Irish Rugby bids farewell to leadership after quarter-final exit

Ireland's most successful head coach has taken charge of his final match on the IRFU payroll and will hand the reins to current defence coach Andy Farrell.

Irish Rugby bids farewell to leadership after quarter-final exit

Ireland's most successful head coach has taken charge of his final match on the IRFU payroll and will hand the reins to current defence coach Andy Farrell before taking a sabbatical from the game after six-and-a-half years at the helm.

So what a disappointment to have this World Cup quarter-final exit and desperately poor performance as the final game on what has been a remarkable record.

So farewell to…

Joe Schmidt

Ireland's most successful head coach has taken charge of his final match on the IRFU payroll and will hand the reins to current defence coach Andy Farrell before taking a sabbatical from the game after six-and-a-half years at the helm. So what a disappointment to have this World Cup quarter-final exit and desperately poor performance as the final game on what has been a remarkable record.

Schmidt admitted he felt "a little bit broken " by what was a comprehensive defeat, his second such experience following the heavy loss for his injury-hit team to Argentina at the same stage in 2015. This one will definitely hurt more given the way Ireland had few excuses for such a flat and error-riddled performance. Time will prove kind to Schmidt when he reflects on his tenure, one that lifted Ireland's standing in the game to previously unsealed heights, but this will feel raw for quite some time.

Greg Feek

The scrum coach and former All Black who has been at fellow New Zealander Schmidt's side since their Leinster days also steps down from his role on the Ireland coaching staff. Feek will also go his own way by remaining in Japan where has been working as an assistant coach with the NEC Green Rockets, just east of Tokyo.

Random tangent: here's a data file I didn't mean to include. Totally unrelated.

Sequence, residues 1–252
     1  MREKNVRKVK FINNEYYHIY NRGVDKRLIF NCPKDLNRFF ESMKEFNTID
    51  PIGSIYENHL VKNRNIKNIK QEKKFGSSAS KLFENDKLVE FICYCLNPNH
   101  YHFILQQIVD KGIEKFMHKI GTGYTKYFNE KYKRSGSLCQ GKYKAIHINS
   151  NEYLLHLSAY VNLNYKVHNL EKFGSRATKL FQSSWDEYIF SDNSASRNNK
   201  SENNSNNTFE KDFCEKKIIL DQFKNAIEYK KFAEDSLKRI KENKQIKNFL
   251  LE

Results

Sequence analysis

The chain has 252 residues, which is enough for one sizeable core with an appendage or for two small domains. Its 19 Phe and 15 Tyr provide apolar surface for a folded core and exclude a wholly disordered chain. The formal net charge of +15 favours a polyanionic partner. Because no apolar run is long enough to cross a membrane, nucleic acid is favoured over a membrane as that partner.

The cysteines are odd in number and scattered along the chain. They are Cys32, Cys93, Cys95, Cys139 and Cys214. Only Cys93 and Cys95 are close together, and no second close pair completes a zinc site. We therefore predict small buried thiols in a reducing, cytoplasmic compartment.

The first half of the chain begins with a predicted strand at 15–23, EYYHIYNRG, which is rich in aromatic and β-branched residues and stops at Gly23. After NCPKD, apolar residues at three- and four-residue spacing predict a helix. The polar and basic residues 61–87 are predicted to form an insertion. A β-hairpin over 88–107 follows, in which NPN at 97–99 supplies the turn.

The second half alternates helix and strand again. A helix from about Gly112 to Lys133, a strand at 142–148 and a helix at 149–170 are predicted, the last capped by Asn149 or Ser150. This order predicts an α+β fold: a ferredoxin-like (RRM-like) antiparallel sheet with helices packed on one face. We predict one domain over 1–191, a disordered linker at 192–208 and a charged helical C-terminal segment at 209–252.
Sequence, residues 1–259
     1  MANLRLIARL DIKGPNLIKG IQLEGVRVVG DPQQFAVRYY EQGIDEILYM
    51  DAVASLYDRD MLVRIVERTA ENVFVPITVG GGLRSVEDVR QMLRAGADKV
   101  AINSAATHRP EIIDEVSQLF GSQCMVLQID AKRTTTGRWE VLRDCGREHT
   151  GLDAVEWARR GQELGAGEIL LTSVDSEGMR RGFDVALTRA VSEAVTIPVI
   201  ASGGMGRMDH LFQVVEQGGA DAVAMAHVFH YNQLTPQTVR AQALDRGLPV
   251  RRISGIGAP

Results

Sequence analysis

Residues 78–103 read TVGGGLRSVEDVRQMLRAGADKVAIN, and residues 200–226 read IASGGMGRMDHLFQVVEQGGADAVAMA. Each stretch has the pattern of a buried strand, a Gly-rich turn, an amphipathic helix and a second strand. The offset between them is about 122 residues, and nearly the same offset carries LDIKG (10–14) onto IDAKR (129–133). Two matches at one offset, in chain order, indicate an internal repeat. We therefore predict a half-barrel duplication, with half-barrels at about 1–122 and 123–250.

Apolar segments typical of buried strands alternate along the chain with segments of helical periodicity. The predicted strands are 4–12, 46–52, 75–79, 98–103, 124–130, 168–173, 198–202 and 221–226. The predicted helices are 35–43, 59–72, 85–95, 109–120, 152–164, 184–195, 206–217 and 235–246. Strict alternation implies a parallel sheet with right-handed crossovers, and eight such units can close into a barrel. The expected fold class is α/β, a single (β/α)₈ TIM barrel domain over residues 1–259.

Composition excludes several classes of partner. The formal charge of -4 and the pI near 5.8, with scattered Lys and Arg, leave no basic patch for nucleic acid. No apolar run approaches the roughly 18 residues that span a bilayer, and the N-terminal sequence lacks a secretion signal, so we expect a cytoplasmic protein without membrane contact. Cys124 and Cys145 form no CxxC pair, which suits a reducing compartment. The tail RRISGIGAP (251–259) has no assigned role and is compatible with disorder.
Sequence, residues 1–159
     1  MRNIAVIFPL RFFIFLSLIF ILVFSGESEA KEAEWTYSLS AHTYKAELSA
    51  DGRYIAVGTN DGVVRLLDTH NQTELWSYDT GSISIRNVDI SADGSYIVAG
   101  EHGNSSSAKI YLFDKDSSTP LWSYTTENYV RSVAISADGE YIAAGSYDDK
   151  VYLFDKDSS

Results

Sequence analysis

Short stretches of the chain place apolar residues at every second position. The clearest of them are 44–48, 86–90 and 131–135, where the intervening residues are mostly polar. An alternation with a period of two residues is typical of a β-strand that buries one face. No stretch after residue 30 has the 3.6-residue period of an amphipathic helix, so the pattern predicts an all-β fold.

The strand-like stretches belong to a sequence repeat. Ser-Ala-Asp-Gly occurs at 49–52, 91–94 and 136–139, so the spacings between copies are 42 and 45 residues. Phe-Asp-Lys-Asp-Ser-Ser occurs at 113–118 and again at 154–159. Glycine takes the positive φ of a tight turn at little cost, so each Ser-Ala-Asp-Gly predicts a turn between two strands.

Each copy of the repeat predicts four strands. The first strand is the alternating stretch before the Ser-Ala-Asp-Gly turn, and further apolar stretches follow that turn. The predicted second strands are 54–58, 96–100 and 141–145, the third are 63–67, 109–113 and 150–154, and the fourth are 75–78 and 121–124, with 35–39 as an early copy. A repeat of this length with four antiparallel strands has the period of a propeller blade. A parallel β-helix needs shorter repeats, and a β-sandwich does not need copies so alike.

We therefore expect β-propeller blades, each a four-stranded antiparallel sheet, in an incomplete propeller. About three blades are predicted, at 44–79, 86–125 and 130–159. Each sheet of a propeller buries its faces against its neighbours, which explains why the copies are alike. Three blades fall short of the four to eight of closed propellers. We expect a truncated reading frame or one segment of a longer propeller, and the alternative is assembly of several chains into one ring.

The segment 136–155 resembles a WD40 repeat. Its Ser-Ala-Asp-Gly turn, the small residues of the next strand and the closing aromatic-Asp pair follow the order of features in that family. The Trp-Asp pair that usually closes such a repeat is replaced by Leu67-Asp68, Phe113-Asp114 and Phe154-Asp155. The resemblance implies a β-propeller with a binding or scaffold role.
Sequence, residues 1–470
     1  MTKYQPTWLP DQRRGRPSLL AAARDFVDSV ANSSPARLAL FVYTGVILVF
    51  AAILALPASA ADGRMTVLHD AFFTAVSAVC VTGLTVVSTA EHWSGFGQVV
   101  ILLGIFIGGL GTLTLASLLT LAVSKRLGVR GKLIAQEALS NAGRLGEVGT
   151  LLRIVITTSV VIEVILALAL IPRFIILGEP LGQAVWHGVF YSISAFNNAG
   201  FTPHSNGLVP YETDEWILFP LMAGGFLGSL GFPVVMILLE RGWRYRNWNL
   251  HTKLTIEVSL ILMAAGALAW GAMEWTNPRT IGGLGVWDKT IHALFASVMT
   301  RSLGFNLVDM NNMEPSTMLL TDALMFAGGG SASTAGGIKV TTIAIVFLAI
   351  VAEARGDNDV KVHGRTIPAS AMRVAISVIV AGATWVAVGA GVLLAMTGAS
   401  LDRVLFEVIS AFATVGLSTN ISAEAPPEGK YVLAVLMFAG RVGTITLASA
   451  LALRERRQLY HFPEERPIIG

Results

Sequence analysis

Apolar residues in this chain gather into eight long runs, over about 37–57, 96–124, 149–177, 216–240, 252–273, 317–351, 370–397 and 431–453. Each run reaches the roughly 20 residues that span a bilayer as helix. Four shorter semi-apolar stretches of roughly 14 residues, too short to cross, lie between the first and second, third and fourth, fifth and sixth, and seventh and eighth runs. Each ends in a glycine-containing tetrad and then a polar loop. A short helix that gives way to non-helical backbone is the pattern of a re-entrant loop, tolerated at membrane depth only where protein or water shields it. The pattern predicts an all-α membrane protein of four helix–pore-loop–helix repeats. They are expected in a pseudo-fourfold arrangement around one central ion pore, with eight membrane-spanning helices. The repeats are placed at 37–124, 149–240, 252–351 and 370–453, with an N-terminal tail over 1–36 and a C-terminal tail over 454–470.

He leaves behind a strong legacy with Ireland’s scrum one of its strongest attacking platforms and a reputation for scrummaging the correct way. On Feek’s watch, Tadhg Furlong has developed into one of the finest, if not the best tighthead prop in the world and there is plenty of strength in depth with the likes of Andrew Porter able to play effectively on both corners and Dave Kilcoyne now offering a viable alternative at loosehead to veteran Cian Healy.

Feek will be replaced by Leinster scrum coach John Fogarty when Andy Farrell takes charge as head coach next month ahead of the 2020 Six Nations.

Rory Best

The captain’s Test career began and ended with a defeat to the All Blacks, 15 seasons apart but the hooker has an awful lot more to look back on with fondness and pride.

Sticking to his decision to retire from professional rugby at the conclusion of Ireland’s World Cup campaign, the 37-year-old bowed out after making his 124th Test appearance in his 15th Rugby World Cup game and captaining Ireland for the 38th time. Only Brian O'Driscoll led Ireland on more occasions, 83, and only O’Driscoll and Paul O'Connell played more games in this tournament, 17 times each.

Like his predecessors, Best led by example and did so consistently well for a long period of time, into his late 30s, his remarkable staying power on full display against Scotland in the opening pool game when he was required to play the full 80 minutes, an almost unheard of occurrence in modern rugby.

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